Saved By Design

Research with Voya Finds Small Changes to Retirement Enrollment Website Can Drive Positive Outcomes

How strategic web-design can enhance auto-enrollment activity

Voya Financial, Inc. (NYSE: VOYA), is sharing new findings from research conducted in association with the Voya Behavioral Finance Institute for Innovation.

In a working paper titled “ Save(d) by Design ,” scientists from Carnegie Mellon University, City, University of London and UCLA1 published results from a pioneering field study that involved more than 8,500 employees across 500 workplace retirement plans. The workers, who were auto-enrolling into their employer-sponsored 401(k) plan, visited their respective enrollment websites to either confirm, decline or make personal adjustments to their savings selection.

The study examined what would happen to their choices when three types of design enhancements were made to the site. These changes included: 1) moving important plan information (i.e. the default savings rate) closer to where the individual was prompted to act; 2) simplifying and standardizing the language associated with the enrollment options; and 3) changing from a single color design on the election buttons to three “traffic light” colors.

“When it comes to helping workers with their retirement security, the industry has historically focused on automatic enrollment and providing generous match incentives as the primary tools for moving them in a positive direction,” said Charlie Nelson, CEO of Retirement and Employee Benefits for Voya Financial. “While we should continue to apply these important strategies, this latest research suggests that making simple adjustments to website architecture presents another promising way to improve the choices of auto-enrolled workers — something that can be attractive to an employer that is not in a position to change its match level or plan design.”

Greater personalized enrollment

The findings revealed that small digital changes can lead to big results in terms of greater personalized enrollment, more employees taking advantage of the full company match, increased savings and improved long-term financial security.2 Highlights included the following:

1. Greater enrollment personalization
The number of employees who personalized their enrollment increased by 15 percent. Among those who personalized, the average contribution rate was 7.8 percent, compared to 3.4 percent for those who accepted auto-enrollment.

2. Greater take-up of full company match
The enhancements resulted in a 19 percent increase in the share of employees who took advantage of the company’s full match benefit. This demonstrated how optimized enrollment design could actually increase the effectiveness of existing matching incentives.

When people personalize their plan choices, it suggests that they are being reflective and thinking about the best possible solutions for themselves...

3. Greater plan savings and improved retirement security
The design changes also led to an increase in savings levels, boosting the average contribution rate by 62 basis points, or roughly 10 percentacross all digital enrollees. That lift was equivalent to what one would expect from increasing the typical employer match by 62 percent.

“Because employees don’t often adjust their initial contribution rates after enrollment, these initial increases due to digital design can lead to meaningful improvements in long-run retirement security,” said Dr. Shlomo Benartzi, UCLA Anderson School of Management professor and a senior academic advisor to the Voya Behavioral Finance Institute for Innovation. “The most compelling result was the shift toward personalization. When people personalize their plan choices, it suggests that they are being reflective and thinking about the best possible solutions for themselves. So it is great news that digital design enhancements can help increase the percentage of people who personalize their savings decisions.”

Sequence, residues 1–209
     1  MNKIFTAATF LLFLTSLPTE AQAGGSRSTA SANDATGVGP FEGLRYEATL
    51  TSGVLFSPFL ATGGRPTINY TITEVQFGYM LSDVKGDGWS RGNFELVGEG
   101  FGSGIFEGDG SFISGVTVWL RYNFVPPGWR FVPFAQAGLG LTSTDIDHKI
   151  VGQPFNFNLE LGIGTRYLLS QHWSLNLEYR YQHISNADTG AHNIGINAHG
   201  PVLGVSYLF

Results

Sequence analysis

This new evidence further suggests that by adjusting online enrollment architecture, employers have an opportunity to generate improvements that are similar to if they substantially increased their match program.

“If a company is looking to improve participant savings and overall plan engagement, making small digital enhancements to an enrollment website can be a powerful and cost-effective strategy,” said Richard Mason, head of Behavioral Finance at Voya Financial. “This is some of the first evidence we have seen to show that digital design matters in an online enrollment setting. We encourage plan sponsors and advisors to explore the potential benefits that can come with a deeper understanding of digital design.”

Voya’s Behavioral Finance Institute for Innovation is focused on gaining deeper insights into the decisions of American workers regarding their financial and retirement planning activities. By merging behavioral science with the speed and scale of the digital world, the Institute seeks to create large-scale solutions designed to help improve individual retirement outcomes. For more information and to view the findings from the current working paper or past studies, please visit Voya.com/behavioralfinance.

 

 

 

1.
Saurabh Bhargava, Lynn Conell-Price, Richard T. Mason, and Shlomo Benartzi. “Save(d) by Design,” Working Paper, October 2018. Available at SSRN: https://ssrn.com/abstract=3237820.
2.
The tested enhanced design led to a 9 percentage point increase in the share of employees who personalized enrollment (on a baseline of 60 percent), an 11 percentage point increase in the share of employees taking full advantage of their employer match (on a baseline of 58 percent), and 62 basis point increase in the average contribution rate by employees (on a baseline of 5.41 percent of income).